Fortune Cookies

Yesterday I was reading a few of my favourite blogs (some of which I hadn’t read in a while, there’s so many it’s hard to keep up) when I came upon Fiery’s story ‘first fortune cookie of the year’. Fiery asked people to submit their recent, or most memorable, fortune cookie saying and, of course, some people posted the popular ‘Confucious Says’ ones.

Having the memory span of a confused goldfish, I, as usual, couldn’t remember any fortunes. However, I did remember seeing a box of them in the supermarket the other day, so on the way home I purchased a box.

Fortune Cookies This is a picture of the front of the box, it contains 100gm of cookies (about  15 cookies) and costs $3.30 at my local Coles (2nd largest supermarket/grocery chain in Australia).

Fortune CookieThis is what a cookie looks like, its about 4cm * 4.5cm in size and contains a small strip of paper which has the ‘fortune’ written on it.

The following is what is written on the back of the box and it contains an interesting history of the fortune cookie:

Happiness is a Kong Foo Sing Fortune Cookie

For six centuries, the Han Dynasty of Northern China had celebrated a good harvest with their August Moon Festival.

In the 13th and 14th centuries, their Mongolian rulers (or Yuan Dynasty), were concerned that they might be overthrown by their subjects. So great did they see this threat, that they sent a Warlord to every village to confiscate all the people’s weapons. This act resulted in exactly what the Mongolians feared – a plan of revolt. The Chinese chose the 15th of August as the day the uprising would commence and, under the guise of celebrating harvest, cakes were sent around to all the people. Inside the ‘Moon’ cakes was a message indicating the time the revolt would take place.

This historic event inspired what is now the very happy tradition of breaking open a delicious Kong Foo Sing Fortune Cookie and finding a message of very good fortune.

I have just opened my first one and this is what it says:

Those who admire the freedom of birds have never built a nest

The cookie tasted nice, but I have absolutely no idea what that fortune means. Any Suggestions?

I reckon it’s more of a ‘wisdom’ than a ‘fortune’, but hey, what do you expect for $3.30?

I’ll open one each day and post the ‘fortune’ in the comments, I wonder if any of them will come true?

Any favourite fortunes foretold to you, that you’d like to discuss?

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Filed under atheism, fortune cookie

7 responses to “Fortune Cookies

  1. The funniest story I have about a fortune cookie has little to do with the strip of paper inside.

    Hubby monster and I were living in North Dakota at the time and being a southern girl I was not enjoying the sub freezing temps. I had just found out that they were canceling the program that paid me at the school I worked and I was feeling really home sick. So I was in a pretty low-nobody-likes-me kind of mood. Hubby monster decided we should go get Chinese food to cheer me up. We had a nice meal and enjoyable conversation. When the fortune cookies came I picked one and opened it to find that there was absolutely no slip of paper inside. I figured that a bus was probably going to hit me on the way out to the car since I had no fortune and no future!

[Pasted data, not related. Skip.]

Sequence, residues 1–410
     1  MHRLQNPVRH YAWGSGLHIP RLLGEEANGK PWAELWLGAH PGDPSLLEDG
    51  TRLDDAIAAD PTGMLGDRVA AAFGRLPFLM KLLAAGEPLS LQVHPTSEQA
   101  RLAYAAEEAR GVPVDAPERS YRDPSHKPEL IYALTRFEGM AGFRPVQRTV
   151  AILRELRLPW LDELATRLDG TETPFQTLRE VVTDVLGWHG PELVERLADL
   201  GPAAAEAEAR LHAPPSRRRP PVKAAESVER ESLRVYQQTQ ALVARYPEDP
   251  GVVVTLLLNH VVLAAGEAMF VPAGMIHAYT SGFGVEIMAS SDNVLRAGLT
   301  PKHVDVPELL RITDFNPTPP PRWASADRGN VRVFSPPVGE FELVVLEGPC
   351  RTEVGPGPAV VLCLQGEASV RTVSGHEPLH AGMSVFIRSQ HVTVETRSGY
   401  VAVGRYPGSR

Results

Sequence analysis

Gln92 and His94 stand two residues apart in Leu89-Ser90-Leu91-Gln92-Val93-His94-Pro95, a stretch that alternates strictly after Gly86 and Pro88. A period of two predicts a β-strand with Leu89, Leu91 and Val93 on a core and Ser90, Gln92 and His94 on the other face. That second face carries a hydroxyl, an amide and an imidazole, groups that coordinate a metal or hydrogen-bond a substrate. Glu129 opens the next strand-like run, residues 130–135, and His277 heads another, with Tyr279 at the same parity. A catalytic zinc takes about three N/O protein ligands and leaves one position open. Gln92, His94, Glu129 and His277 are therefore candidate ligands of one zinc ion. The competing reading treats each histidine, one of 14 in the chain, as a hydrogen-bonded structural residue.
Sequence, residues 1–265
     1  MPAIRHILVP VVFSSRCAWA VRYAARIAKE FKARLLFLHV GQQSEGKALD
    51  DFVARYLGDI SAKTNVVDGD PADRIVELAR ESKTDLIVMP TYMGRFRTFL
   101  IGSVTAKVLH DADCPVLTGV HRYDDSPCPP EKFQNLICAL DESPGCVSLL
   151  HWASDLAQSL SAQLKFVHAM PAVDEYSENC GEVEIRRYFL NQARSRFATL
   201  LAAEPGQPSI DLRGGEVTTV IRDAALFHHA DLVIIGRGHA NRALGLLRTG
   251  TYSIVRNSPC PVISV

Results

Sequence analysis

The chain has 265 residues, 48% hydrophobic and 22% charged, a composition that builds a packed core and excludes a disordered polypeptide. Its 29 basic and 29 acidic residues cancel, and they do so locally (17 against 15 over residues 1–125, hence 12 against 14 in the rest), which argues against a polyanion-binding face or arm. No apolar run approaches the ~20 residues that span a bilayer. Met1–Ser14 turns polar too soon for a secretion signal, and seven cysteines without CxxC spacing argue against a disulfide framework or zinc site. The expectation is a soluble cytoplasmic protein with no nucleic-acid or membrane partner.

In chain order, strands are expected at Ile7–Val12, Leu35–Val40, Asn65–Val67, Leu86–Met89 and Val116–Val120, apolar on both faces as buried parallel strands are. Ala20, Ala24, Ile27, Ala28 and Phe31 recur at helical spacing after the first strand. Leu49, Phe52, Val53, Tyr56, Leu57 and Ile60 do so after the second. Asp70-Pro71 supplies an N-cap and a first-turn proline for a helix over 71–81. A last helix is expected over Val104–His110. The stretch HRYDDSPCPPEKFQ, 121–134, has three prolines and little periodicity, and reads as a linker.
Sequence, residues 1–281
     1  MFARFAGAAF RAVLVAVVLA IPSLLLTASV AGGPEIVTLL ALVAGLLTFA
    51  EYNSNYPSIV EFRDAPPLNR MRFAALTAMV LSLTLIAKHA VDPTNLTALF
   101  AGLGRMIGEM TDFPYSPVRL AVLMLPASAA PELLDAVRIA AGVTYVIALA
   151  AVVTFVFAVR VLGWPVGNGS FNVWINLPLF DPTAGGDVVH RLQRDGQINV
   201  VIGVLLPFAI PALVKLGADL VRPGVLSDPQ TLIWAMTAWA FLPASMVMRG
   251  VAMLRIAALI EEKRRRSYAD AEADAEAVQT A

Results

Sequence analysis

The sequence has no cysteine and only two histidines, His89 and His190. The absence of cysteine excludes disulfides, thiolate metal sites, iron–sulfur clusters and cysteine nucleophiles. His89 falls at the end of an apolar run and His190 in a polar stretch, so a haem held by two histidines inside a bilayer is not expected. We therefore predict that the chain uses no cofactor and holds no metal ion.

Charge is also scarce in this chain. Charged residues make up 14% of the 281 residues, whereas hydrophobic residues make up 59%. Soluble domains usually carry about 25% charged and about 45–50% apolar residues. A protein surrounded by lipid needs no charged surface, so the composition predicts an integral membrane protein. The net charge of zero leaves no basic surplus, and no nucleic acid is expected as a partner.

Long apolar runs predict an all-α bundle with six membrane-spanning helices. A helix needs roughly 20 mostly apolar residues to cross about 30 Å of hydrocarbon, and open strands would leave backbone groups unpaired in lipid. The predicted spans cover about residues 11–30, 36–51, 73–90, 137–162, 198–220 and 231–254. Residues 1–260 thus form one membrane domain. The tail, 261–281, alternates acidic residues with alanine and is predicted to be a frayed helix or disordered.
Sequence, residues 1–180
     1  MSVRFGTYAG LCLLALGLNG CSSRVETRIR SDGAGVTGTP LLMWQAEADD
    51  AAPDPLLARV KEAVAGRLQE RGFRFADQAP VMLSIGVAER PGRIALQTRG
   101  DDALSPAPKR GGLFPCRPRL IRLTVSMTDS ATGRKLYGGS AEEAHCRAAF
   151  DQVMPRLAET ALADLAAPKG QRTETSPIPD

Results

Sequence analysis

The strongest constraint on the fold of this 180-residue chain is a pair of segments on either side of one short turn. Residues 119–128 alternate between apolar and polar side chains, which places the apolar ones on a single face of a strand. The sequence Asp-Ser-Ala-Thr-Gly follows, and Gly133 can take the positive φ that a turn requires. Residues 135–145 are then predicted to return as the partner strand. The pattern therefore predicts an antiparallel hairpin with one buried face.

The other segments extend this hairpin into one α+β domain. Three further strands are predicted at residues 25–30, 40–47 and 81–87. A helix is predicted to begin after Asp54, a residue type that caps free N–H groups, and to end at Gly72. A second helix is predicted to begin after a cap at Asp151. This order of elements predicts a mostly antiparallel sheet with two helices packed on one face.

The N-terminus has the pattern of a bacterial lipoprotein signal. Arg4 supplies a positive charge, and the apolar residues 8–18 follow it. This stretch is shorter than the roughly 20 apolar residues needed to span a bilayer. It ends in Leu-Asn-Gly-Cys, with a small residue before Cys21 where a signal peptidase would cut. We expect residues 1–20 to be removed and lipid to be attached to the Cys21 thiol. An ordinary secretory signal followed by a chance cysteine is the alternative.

Lucky I have a good sense of humor, huh?

  2. WM, now that is funny. Obviously, and fortunately for you, that fortune didn’t come true.

  3. AV

    Quit ya mopin’ and crack one open!

  4. “Those who admire the freedom of birds have never built a nest”

    We are often envious of others success or the good things in their life. Some are more talented than us: they can sing, dance, act, paint, or have technical knowledge/ expertise that is beyond anything we are capable of. So we look at them and wish that we were them, that we could do what they do. But we don’t see the hours and hours, day after day, year after year that they have invested in that talent/skill.

    Look at gymnasts in the olympics. To be able to hold yourself suspended like a T on those rings is an amazing and beautiful thing. We don’t see the blood, sweat and tears that went into that skill.

    Man watched the birds soaring high in the heavens and wanted to join them. From the time of the Greeks when they told the story of Icarus to Leonardo DaVinci who actually drew up plans for a flying machine. Yet imagine the difficulty of weaving a nest out of twigs, string, hair, fur, whatever that must shelter your eggs and keep them at the right temperature for them to survive. All from stuff you must **find** somewhere and not buy at the local Coles.

    We now have the ability to fly by developing the technologies necessary, but we cannot do as the birds do and simply flap a pair of appendages and make for the heavens. However, we have a brain that no evolution will ever give them. We have lost our chance to embrace the clouds and gained so much more in the process.

  5. Karen

    I’ll admit, when I was in my 20’s, occasionally skipped a birth control pill, and was paranoid about becoming pregnant, I read the fortune first. If it mentioned having a family, I didn’t eat the cookie. 🙂

  6. seantheblogonaut

    Fiery, comprehensive answer as always 😛

  7. Very nice answer yesterday Fiery.
    Day 2 Fortune is:
    Share your happiness with others today

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